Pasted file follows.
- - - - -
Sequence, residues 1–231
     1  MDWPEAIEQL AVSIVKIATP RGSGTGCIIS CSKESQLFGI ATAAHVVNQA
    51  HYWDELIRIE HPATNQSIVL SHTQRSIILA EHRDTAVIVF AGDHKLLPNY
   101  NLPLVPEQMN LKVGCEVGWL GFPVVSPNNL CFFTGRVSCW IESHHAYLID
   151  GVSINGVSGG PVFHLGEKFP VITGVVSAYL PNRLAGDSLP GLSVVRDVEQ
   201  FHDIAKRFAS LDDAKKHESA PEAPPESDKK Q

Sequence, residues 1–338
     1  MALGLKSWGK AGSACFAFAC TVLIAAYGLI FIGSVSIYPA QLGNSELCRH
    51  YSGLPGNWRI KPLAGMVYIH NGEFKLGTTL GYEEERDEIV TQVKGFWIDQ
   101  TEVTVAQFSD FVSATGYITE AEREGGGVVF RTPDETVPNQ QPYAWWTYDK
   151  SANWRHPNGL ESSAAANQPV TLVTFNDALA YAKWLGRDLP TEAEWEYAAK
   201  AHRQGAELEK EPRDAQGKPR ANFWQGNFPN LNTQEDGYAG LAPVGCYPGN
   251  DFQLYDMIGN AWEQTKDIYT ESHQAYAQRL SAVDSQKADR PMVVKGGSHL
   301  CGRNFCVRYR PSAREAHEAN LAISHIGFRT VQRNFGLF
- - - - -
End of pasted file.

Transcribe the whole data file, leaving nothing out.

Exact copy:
Sequence, residues 1–231
     1  MDWPEAIEQL AVSIVKIATP RGSGTGCIIS CSKESQLFGI ATAAHVVNQA
    51  HYWDELIRIE HPATNQSIVL SHTQRSIILA EHRDTAVIVF AGDHKLLPNY
   101  NLPLVPEQMN LKVGCEVGWL GFPVVSPNNL CFFTGRVSCW IESHHAYLID
   151  GVSINGVSGG PVFHLGEKFP VITGVVSAYL PNRLAGDSLP GLSVVRDVEQ
   201  FHDIAKRFAS LDDAKKHESA PEAPPESDKK Q

Sequence, residues 1–338
     1  MALGLKSWGK AGSACFAFAC TVLIAAYGLI FIGSVSIYPA QLGNSELCRH
    51  YSGLPGNWRI KPLAGMVYIH NGEFKLGTTL GYEEERDEIV TQVKGFWIDQ
   101  TEVTVAQFSD FVSATGYITE AEREGGGVVF RTPDETVPNQ QPYAWWTYDK
   151  SANWRHPNGL ESSAAANQPV TLVTFNDALA YAKWLGRDLP TEAEWEYAAK
   201  AHRQGAELEK EPRDAQGKPR ANFWQGNFPN LNTQEDGYAG LAPVGCYPGN
   251  DFQLYDMIGN AWEQTKDIYT ESHQAYAQRL SAVDSQKADR PMVVKGGSHL
   301  CGRNFCVRYR PSAREAHEAN LAISHIGFRT VQRNFGLF